Talk to the players as much as you can. Read about what they think. They are smart about baseball, and they can tell you things you never thought of before.
Nobody knows as much about the physical aspect of game play as the men who actually suit up to play it. Knowledge of the mechanics of the game of baseball should inform best practices, even if those insights come in a different form and language from the results we get from empirical research. So talk to the players. I have, and they’ve said some very smart things.
10) Sam Fuld, Athletics outfielder: "Ever notice that nobody talks about the length of the games when they talk about injuries being up around baseball?"
This one’s simple, and maybe it was just a personal blind spot of mine. But I’d long thought that the length of games was a marketing concern. I want baseball to succeed, but I personally have set aside all the time it takes to watch a baseball game from beginning to end, and I enjoy it. But if longer games means lesser talent on the field because the starting position players are injured more often… that would make me rethink my position.
Sometimes you get the sense that pitchers are more analytical about the game. They’re at least more ready to talk about adjustments they’ve made and the mechanics of throwing the baseball. That might be because of the actual way a plate appearance plays out. The pitcher actually decides what pitch is coming, and the hitter can only try to anticipate. That means the pitcher’s game plan is going to be, by nature, more proactive. That gives them more agency over the outcome, and that has implications for who has more control over every interaction at the plate. We roll our eyes sometimes when hitters call their craft instinctual, but there’s something there.
The context makes this quote. Odorizzi is talking about his splitter with respect to Alex Cobb’s splitter. He’s pointing out that their movement is different despite the fact that Cobb taught him his splitter grip. Two guys, of similar height and weight, throwing the same grip out of what looks like the same release points… you’d think they’d throw the same pitch, really. But they don’t, and that’s why pitching is so complicated. Turns out, the angle between their head and arm is different, as is the pronation in their hands upon release. Grips are great, grips are cool, and grips are only one little part of the picture.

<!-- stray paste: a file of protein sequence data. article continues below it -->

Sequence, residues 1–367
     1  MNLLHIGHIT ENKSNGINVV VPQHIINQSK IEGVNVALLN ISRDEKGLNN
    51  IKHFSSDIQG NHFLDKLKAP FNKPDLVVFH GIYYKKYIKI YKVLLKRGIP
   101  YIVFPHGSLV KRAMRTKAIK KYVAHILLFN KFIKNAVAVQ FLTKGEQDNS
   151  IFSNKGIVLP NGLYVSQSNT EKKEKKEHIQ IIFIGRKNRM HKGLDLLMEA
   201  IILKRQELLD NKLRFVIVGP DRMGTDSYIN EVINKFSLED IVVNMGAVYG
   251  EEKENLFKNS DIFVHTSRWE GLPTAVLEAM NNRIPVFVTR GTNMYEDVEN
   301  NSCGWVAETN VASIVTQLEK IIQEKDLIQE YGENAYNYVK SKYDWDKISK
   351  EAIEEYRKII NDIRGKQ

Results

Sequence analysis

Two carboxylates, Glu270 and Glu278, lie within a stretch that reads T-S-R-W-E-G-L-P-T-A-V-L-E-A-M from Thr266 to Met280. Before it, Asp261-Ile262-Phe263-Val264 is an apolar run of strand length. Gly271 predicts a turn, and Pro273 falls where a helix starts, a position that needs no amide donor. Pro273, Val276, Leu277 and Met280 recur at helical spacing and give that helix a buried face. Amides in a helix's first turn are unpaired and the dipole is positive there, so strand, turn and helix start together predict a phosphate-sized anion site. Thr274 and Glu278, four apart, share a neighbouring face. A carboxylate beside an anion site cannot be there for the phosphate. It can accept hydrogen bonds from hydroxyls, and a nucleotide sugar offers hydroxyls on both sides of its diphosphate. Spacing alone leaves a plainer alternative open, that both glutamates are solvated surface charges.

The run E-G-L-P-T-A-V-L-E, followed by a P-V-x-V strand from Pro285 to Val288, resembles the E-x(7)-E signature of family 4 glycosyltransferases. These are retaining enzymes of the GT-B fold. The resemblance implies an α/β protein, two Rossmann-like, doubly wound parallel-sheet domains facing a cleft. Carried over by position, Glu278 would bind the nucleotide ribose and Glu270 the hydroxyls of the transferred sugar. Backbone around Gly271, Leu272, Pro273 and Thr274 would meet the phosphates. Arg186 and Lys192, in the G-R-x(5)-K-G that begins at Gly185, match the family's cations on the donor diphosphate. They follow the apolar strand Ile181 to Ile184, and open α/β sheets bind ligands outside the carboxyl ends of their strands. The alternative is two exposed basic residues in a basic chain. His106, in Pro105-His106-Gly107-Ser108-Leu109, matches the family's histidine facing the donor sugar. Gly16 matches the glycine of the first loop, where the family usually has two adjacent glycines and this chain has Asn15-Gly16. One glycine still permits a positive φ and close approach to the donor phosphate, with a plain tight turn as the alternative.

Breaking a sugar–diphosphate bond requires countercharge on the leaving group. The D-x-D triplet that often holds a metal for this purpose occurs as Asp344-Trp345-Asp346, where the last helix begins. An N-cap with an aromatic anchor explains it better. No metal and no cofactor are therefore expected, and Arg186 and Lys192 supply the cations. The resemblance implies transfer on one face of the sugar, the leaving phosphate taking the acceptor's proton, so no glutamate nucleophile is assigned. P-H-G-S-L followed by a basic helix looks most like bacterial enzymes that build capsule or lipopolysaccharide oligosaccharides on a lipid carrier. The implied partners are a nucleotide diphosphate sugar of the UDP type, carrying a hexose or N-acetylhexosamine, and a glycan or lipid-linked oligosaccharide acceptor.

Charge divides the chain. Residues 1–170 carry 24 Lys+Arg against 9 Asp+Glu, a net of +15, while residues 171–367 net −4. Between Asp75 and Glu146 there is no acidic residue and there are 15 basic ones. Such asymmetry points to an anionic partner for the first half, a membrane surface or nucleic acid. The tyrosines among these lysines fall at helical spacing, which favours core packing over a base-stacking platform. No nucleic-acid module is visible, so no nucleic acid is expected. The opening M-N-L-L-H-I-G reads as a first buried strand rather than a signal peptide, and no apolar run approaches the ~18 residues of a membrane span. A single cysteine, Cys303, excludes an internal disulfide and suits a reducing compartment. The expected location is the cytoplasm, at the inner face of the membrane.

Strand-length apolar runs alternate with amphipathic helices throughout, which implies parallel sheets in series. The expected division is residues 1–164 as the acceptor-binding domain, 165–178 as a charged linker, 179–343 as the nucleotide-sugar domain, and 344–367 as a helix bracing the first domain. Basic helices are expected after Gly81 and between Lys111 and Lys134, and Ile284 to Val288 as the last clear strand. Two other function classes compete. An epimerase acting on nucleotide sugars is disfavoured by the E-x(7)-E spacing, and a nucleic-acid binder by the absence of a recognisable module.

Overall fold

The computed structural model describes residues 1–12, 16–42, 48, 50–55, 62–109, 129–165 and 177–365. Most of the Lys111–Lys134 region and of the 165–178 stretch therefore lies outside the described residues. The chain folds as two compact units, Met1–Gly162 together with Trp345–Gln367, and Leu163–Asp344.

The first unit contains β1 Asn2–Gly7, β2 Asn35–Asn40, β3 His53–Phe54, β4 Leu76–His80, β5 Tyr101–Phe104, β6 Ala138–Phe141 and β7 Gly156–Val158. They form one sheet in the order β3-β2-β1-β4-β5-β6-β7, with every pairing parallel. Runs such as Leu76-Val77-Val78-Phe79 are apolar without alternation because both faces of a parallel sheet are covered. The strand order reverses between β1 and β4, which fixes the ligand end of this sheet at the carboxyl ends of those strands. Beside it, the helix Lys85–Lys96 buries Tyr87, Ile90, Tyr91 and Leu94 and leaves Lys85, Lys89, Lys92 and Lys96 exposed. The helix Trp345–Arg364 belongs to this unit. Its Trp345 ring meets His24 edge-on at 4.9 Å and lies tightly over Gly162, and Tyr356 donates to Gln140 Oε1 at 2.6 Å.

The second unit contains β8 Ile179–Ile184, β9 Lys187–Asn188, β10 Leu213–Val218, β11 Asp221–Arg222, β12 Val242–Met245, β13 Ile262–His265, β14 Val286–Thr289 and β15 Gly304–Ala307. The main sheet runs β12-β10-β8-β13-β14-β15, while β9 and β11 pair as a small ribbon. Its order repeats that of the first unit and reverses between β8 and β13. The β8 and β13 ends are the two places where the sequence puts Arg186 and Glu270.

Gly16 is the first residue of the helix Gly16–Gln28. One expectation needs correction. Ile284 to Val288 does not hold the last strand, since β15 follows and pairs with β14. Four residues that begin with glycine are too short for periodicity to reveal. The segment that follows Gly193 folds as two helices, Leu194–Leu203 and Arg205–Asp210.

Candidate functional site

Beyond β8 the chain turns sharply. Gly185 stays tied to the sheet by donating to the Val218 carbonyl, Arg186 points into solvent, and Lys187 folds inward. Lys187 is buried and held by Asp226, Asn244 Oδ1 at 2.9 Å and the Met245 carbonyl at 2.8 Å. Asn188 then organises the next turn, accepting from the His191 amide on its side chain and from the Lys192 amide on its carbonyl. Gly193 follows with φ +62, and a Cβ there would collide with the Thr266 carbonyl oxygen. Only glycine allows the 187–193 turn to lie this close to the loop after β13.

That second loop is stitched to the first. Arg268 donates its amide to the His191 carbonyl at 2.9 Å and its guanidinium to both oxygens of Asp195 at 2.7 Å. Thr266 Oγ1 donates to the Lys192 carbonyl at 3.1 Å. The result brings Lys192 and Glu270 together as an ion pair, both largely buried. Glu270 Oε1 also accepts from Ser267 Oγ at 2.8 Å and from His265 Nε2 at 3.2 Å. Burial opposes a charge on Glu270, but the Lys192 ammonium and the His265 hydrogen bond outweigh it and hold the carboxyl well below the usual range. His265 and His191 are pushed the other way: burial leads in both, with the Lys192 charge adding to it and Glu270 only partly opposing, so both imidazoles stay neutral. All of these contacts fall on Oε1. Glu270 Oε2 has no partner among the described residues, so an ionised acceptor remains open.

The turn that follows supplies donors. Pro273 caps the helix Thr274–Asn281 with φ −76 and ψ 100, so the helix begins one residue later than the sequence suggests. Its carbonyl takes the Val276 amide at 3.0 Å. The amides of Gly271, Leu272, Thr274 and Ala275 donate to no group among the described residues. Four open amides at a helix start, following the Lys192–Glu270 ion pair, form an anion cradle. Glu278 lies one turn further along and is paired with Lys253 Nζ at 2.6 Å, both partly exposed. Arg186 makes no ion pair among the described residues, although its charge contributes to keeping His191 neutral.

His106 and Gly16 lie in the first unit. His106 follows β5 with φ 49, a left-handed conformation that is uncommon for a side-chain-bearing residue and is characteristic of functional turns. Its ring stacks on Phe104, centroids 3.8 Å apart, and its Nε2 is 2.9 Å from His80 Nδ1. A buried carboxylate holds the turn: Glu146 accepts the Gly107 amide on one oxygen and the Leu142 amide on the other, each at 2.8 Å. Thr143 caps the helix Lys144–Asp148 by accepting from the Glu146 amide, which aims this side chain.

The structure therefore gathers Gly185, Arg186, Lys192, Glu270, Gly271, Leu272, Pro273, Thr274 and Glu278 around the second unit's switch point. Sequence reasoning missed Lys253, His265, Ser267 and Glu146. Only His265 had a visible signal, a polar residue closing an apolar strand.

7) Noah Syndergaard, Mets prospect pitcher: "Right now it’s pretty hard to throw a breaking ball in Vegas. It’s pretty dry and the ball doesn’t break as much, so I’ve moved toward the changeup."
Last year, Jhoulys Chacin admitted that he doesn’t throw his curveball in Colorado, so this quote really isn’t breaking new ground when it comes to curves in high altitude. The rest of the piece is about how competitive young minor league pitchers deal with throwing pitches that aren’t quite ready for the big leagues yet, but this quote tells us a little more. What this quote does do is open a window on the process of developing a pitcher. Las Vegas is one of the most extreme hitters’ parks in minor league baseball, to the point that many of Toronto’s better prospect pitchers never pitched there. Perhaps the Mets knew that Syndergaard could use some work on his changeup. And that the uber-competitive young man might never throw it if his big fastball and strong curve were working just fine as they were. By the end of that piece, you realize that the interaction between the front office and their prospects is minimal, but important. This move could have worked out really poorly for the Mets, but instead their young pitcher just got better.
6) Joe Panik, Giants second baseman: "I’ve been learning to continue my fastball mentality and swing as if it’s a fastball — if it’s a breaking ball, say with no strikes or one strike, just keep that fastball mentality and swing through it. Then when you get to two strikes, it’s a whole new mentality.”
This all stemmed from something Marco Scutaro said in 2013 — "I probably lead the league in bad contact, too." This newest version of Marco Scutaro wants to make a lot of contact, too, but maybe that’s a little bit more important to him with two strikes. We saw that two-strike approach pay dividends in the playoffs, and his team appreciates him for it. But if we see more power from him in the future, it might be because he’s missing some balls on purpose. Because, as he says, if you swing thinking it’s a fastball, and then adjust down to a breaking ball, you’re likely to make poor contact that won’t have a good outcome. Sometimes missing is better.
5) Corey Kluber, Indians pitcher: “All of that other stuff plays off the fastball, if you’re not consistent with the fastball, none of that other stuff is going to be as good … I was getting hit around and was having trouble working consistently down in the zone … I hardly ever throw the four-seamer any more.”